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Qoyllur Rit'i - Snow Star Festival, Sinakara Valley Cusco region

Qoyllur Rit'i - Snow Star Festival, Sinakara Valley Cusco region

The largest pilgrimage in the Andes combined with indigenous traditions and celebrations

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Sunflower - Last Update: October 20, 2018

May / June - during full moon prior to Corpus Christi

Held each year during the full moon before Corpus Christi (May / June), the Qoyllur Rit'i is the largest pilgrimage in the Andean region taking tens of thousands participating worshippers to the sanctuary of the Señor de Qoyllur Rit’i (Lord of the Snow Star), the highest sanctuary of the world located 4,800 m (nearly 16,000 ft) above sea level at the foot of the Qollqepunku glacier in the Andean Sinakara Valley in the Cusco region.

As so many festivals in Peru, the Qoyllur Rit'i celebrations are a combination of ancient, indigenous traditions and ceremonies and Christian beliefs and festivities brought to Peru by the Spaniards.

Local Andean people celebrated the stars and here especially the reappearance of the Pleiades constellation which was associated with the upcoming harvest in the southern hemisphere and the New Year around the time of today’s festivities. Other natives paid homage to the spiritual and sacred mountains and the glacier whose melting water was believed to have healing powers. And the Christians worshipped the sighting of Christ at the place where the sanctuary stands.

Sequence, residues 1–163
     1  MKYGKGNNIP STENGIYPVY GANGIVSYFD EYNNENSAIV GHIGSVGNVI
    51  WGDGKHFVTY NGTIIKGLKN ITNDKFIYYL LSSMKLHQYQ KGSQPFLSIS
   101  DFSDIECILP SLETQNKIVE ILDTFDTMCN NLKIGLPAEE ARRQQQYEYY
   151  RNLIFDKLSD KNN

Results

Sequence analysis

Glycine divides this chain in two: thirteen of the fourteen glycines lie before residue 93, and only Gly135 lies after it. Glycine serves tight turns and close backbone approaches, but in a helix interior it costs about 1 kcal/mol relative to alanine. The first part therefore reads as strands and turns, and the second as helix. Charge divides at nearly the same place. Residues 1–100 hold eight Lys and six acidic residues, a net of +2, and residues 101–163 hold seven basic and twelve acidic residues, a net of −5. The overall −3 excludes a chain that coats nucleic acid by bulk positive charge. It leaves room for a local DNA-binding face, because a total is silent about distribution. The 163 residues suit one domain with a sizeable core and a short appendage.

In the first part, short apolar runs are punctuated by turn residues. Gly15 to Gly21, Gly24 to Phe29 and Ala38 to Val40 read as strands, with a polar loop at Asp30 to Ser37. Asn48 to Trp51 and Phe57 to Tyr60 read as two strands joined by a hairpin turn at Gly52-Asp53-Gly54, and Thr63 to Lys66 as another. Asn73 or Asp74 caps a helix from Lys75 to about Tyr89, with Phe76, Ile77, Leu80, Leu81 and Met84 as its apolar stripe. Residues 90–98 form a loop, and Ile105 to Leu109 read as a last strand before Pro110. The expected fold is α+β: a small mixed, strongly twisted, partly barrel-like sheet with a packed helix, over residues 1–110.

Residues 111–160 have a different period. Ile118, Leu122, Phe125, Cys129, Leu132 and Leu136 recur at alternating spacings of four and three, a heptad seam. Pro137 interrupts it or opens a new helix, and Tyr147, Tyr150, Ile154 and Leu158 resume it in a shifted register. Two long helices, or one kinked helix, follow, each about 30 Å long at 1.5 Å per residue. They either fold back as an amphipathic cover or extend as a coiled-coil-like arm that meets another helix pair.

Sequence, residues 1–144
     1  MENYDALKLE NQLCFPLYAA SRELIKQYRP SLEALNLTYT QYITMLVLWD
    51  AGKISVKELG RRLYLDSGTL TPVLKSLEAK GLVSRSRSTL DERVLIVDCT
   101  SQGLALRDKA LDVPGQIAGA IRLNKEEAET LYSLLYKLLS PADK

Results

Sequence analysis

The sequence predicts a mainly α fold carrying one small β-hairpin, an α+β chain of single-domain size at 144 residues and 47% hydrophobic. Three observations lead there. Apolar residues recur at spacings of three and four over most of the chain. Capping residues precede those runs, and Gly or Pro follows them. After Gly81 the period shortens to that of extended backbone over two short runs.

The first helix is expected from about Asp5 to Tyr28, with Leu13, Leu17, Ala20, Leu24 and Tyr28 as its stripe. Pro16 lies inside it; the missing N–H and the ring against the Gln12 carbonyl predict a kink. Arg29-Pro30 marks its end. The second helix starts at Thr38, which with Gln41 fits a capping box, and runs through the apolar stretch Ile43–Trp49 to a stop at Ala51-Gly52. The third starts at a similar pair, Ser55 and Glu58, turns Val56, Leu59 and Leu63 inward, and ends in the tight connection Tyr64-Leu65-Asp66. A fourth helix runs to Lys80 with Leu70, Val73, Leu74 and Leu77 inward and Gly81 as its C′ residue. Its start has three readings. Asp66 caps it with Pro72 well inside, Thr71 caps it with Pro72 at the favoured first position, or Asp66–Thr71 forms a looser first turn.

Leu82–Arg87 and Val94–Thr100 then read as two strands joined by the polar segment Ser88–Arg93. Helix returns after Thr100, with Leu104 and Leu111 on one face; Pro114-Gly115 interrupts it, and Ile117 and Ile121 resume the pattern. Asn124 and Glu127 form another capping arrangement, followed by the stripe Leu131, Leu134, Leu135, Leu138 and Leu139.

The fusion of these different beliefs resulted in today’s 3-day Qoyllur Rit'I pilgrimage and week-long celebrations which include traditional dances and local Andean music played mainly on flutes and drums, colorful costumes, a religious procession, native ceremonies and a small “alasitas fair” where dreams and things people want in their lives, such as homes, cars, money, marriage, and much more, are sold in a miniature version.

Only few foreigners take part in the festivities and demanding pilgrimage high in the southern Andean mountains. Nevertheless, it’s an incomparable experience, adventure and insight into Peruvian culture that shouldn’t be missed, even if you cover most of the way by car and just walk the last few miles up to the sanctuary.

By the way, the festival and the pilgrimage are an UNESCO Intangible Cultural Heritage since 2011.

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